There were many crashes across the Lower Mainland Tuesday morning after snow fell across the region.
In Coquitlam, a transit bus crashed into oncoming cars on Laurentian Street.
In Abbotsford, some drivers lost control along Highway 1 due to the slick road conditions.
There was also a crash on Highway 1 eastbound east of 160 Street in Surrey,
Crashes in Burnaby, Vancouver, Langley, Port Moody, New Westminster, Port Moody, Delta and Maple Ridge snarled traffic as drivers tried to make it to work or school.
B.C.’s Transportation Minister Rob Fleming said while the snow “wasn’t particularly in the forecast,” the contractors were aware of the weather and were out overnight salting and brining the roads and highways.
“Certainly the evidence of the plowed highways was there, which was good,” Fleming said. “We got lucky this time that it was a light dusting.”
On Monday evening, Global BC meteorologist Kristi Gordon said there was a 70 per cent chance of snow for the South Coast morning commute.
Fleming said the road maintenance contracts were renewed five years ago and the province now requires plows to clear down to the pavement as much as possible, and the companies undergo rigorous vetting to obtain those contracts.
When a snowstorm hit the South Coast last November, two Metro Vancouver councillors called for a snow summit to make sure the chaos that many drivers in the region faced does not happen again.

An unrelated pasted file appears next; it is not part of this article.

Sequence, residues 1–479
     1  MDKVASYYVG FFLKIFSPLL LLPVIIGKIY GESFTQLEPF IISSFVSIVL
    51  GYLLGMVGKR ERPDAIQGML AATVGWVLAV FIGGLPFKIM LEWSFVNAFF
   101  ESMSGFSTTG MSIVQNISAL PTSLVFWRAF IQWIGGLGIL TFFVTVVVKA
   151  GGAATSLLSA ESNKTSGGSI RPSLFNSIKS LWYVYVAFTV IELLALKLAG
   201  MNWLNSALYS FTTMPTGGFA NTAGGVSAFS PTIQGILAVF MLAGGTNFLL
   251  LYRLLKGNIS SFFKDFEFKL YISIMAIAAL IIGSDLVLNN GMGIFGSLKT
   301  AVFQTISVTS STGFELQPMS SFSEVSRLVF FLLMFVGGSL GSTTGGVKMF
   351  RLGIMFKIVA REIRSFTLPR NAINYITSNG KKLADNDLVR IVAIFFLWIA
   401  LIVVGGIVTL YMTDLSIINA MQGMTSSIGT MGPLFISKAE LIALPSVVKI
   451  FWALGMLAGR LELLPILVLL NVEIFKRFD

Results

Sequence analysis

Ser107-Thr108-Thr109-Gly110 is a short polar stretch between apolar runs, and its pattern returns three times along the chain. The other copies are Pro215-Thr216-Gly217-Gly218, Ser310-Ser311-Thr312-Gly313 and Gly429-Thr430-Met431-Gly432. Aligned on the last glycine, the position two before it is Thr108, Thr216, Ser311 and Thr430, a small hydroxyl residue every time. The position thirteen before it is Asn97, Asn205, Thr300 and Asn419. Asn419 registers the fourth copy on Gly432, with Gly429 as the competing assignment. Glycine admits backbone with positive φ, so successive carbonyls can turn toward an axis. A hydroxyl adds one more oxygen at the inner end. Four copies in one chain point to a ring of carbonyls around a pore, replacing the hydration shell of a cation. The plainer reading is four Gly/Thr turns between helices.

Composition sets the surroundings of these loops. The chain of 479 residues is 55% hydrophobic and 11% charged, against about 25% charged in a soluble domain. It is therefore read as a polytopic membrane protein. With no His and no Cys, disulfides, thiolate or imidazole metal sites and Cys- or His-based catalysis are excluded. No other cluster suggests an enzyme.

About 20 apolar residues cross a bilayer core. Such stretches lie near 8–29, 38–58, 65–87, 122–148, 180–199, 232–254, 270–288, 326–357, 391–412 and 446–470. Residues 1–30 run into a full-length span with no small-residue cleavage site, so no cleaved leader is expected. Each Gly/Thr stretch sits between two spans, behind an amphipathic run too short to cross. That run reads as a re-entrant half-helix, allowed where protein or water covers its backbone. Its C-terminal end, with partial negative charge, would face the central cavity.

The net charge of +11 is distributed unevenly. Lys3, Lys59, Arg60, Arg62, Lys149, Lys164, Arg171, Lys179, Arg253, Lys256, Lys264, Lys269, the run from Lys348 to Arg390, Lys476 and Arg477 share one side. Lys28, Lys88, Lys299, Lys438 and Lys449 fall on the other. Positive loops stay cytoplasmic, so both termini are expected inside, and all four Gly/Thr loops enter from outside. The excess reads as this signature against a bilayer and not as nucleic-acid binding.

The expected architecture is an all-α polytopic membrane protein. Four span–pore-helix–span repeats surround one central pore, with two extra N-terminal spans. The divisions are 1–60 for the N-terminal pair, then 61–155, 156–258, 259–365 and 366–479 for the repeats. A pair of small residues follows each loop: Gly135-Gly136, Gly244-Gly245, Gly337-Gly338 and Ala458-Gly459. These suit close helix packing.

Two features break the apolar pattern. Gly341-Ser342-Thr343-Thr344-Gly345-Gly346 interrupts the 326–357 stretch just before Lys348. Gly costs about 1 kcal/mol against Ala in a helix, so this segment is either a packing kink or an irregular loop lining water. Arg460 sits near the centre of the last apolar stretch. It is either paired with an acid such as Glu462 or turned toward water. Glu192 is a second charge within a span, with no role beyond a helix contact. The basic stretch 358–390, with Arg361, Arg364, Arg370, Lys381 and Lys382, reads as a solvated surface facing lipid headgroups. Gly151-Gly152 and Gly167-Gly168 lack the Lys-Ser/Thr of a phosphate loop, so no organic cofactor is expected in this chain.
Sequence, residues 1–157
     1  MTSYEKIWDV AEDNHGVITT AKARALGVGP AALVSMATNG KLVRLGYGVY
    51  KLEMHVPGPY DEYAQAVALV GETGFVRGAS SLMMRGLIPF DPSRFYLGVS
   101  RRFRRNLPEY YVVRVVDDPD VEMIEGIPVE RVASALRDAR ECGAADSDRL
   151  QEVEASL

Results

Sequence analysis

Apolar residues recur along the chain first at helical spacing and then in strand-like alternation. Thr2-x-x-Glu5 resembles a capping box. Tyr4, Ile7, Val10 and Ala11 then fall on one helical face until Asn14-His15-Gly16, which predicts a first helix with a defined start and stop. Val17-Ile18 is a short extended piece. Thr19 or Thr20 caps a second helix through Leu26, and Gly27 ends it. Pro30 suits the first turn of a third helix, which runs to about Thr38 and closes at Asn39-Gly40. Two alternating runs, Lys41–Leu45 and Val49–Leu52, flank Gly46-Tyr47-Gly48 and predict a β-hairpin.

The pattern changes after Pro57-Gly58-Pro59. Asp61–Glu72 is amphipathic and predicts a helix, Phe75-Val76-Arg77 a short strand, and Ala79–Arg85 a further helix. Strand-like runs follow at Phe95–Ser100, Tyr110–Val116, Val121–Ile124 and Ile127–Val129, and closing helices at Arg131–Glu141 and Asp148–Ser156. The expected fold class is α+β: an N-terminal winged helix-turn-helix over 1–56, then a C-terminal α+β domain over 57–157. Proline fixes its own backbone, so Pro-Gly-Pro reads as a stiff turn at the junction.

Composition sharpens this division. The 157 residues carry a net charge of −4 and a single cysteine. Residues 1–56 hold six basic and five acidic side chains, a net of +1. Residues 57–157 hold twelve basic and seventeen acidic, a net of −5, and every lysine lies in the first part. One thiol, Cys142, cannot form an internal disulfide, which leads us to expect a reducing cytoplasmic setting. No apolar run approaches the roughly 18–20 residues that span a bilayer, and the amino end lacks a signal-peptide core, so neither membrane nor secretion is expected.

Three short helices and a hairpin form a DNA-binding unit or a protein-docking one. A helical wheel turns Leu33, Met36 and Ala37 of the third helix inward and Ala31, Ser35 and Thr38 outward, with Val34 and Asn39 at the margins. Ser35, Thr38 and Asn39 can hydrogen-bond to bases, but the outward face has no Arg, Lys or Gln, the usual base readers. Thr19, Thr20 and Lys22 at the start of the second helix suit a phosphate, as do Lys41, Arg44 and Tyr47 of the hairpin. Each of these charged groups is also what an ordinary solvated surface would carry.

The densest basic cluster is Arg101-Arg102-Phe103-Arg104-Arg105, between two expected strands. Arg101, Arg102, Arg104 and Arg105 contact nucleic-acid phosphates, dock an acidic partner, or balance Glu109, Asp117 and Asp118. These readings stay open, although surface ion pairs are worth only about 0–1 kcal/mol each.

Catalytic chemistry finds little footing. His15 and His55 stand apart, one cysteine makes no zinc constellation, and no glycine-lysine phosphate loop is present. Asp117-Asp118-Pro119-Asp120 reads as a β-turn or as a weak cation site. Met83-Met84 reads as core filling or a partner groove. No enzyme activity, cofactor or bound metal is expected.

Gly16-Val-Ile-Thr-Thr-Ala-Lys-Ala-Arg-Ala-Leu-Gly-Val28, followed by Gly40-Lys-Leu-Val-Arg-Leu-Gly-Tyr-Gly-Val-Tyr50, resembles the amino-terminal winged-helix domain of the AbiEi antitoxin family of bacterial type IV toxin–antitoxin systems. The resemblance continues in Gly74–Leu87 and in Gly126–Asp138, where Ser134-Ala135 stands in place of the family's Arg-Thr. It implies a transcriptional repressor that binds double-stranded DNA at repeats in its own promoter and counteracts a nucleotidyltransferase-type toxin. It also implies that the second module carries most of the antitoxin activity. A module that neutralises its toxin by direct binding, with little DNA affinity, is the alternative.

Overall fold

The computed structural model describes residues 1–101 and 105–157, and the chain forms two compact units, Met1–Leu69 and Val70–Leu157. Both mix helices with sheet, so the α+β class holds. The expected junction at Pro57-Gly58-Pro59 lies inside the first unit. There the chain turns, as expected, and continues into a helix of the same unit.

Hundreds of drivers were trapped in their cars and on bridges, some for hours, after heavy snow that was in the forecast fell.Councillors Daniel Fontaine of New Westminster and Linda Annis of Surrey wanted to bring together all Lower Mainland municipalities, the B.C. government, transit operators and road maintenance contractors.
“The snow that hit us on (Nov.29) wasn’t a surprise,” Fontaine said. “But the impact was a complete shutdown that closed roads and bridges and really brought much of the Lower Mainland to a complete halt.
“I think it’s important to know why, and to work on a regional plan that does better next time. This has to be a combined effort of the province and local municipalities across the Lower Mainland.”
The snow summit has not taken place at this time.
Fleming said he is satisfied that municipalities now have a better plan to work with the province’s contracting crews to get roads cleared as soon as possible.
“No one controls the weather, of course,” he said. “I think there’s going to be some significant snowstorms in the years ahead of us.
A mix of rain and snow is expected to fall Tuesday evening and could impact the early morning commute, according to Gordon.
Ministry of Transportation and Infrastructure maintenance contractors will be monitoring conditions and will be out in full force to plow, sand and salt roads as necessary, the province said in a release.
Drivers are urged to use caution, avoid travel in poor weather conditions, prepare for delays and longer commutes, and ensure their vehicles are properly equipped with winter tires.